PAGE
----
He wanted to preach in a way people would remember. Of course his messages had to be simple! What I want to do is different. I want to preach in ways that can’t be conveyed in words; messages that can’t be preached at the pulpit. This doesn’t mean I’m not going to let up on critiquing the theological message. A bad theological message can hurt way more than just the person who believes it. I am going to put away my superiority complex to want something deeper from a person who clearly had deep faith. It’s fine that his messages were simple. It’s necessary for his call.
His style reminds me of how I used to draw in elementary school. I need to get down off that horse fast. We live in a world where painting hyper-realism is doable. We can use digital media to stop a moment. We can zoom in on said moment, and get variation of color in a way we never could. Really great artists can use these tools to make near photo quality paintings. That is a statement of their skill, not their art. It disheartens people into not even trying. Even Rev Fenster had his moment. He felt called to paint and told God he didn’t have the skill. Why would anyone even want what he’s making? Then he felt called to try anyway, and he did. I feel we need to encourage art in all forms. It not only expands our definitions of art, but it helps people see skill in others.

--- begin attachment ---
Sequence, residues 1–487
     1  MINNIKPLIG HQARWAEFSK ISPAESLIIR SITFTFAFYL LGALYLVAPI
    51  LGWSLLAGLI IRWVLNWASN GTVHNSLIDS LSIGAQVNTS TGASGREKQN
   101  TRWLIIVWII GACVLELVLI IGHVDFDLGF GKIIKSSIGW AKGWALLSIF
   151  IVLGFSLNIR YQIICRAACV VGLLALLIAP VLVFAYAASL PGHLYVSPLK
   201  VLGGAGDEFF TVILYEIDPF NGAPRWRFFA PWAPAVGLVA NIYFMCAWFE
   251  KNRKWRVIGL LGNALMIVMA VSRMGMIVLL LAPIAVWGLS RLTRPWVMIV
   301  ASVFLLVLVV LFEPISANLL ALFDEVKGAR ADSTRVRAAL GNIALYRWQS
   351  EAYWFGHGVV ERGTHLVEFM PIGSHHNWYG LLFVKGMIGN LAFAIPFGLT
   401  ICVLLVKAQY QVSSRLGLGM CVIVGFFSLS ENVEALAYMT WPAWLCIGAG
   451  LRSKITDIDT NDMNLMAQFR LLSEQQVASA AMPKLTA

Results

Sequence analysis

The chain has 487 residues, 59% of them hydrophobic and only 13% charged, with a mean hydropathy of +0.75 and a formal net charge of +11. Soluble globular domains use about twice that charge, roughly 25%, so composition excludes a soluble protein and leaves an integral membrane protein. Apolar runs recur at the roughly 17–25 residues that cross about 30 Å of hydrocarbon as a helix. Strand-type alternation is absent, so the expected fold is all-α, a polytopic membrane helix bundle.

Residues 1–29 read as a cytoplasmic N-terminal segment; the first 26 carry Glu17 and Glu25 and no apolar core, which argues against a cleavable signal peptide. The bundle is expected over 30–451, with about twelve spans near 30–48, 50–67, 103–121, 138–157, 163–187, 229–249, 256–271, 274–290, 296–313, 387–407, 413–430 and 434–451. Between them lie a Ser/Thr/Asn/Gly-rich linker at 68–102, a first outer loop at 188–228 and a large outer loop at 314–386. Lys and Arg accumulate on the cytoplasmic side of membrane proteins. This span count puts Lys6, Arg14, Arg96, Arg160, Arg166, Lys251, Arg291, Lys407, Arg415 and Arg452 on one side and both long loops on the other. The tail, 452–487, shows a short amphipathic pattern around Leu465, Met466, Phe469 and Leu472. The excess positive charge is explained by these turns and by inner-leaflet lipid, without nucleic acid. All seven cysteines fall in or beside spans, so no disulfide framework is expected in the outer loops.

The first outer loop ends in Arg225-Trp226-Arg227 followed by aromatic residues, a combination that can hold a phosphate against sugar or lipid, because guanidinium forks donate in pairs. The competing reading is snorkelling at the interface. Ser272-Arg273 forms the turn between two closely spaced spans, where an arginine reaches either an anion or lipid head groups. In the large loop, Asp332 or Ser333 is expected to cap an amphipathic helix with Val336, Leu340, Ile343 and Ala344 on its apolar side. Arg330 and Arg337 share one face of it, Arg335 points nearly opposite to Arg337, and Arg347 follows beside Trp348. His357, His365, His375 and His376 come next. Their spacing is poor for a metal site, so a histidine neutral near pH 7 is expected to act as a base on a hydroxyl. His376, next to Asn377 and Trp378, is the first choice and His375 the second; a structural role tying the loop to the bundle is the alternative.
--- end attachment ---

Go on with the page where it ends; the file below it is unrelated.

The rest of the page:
This leads me to my third critique, and one I can’t reorder in my brain. It’s not smug. It’s just the truth. Rev. Fenster was a man. The longer I’m doing this, the more I’m seeing secular religious art being an easier path for men. In fact, the longer I’m doing this, the more I’m seeing women being put in support roles for men, so men can have an easier path. I have quietly been watching other art forms where the men seek help from women, and when the time comes for the women to get the same support? There are crickets.There are not fewer women in these fields because the women are less talented. There are fewer women because that door doesn’t go both ways.
This makes even my hopeful expressions of art a bittersweet experience for me. It carries weight, and even a small added weight, wears one down after years of it being chained to you. I basically told a close friend a year or two back: If I have to quit now. That is not a failure. Even the biggest fighters go down during fights. They are not all wins. At some point, you either die or quit. If I quit before I succeed, that might not be my failure either. I was just worn down too much by others to make it. Like the portrait: It’s not my message, it’s God’s, and I’m not vain enough to believe the message would die with me. I am, however, realistic enough to my own limits, and how it is very possible to wear me down to them.
I’m saying all this to help you see context when I say, I’m happy for him and his wild ride. I’m saying all this so you understand why I pray, “God, I’d be doing so much better if you hadn’t made me female. Why me?”
See, his wild ride might speak to more than just me. At least, that’s what I’m hoping for. You might be chained to your own weight. You are allowed to appreciate someone for what they bring, while also pushing against it.
How does Rev Howard Finster preach the Word of God to the people of God?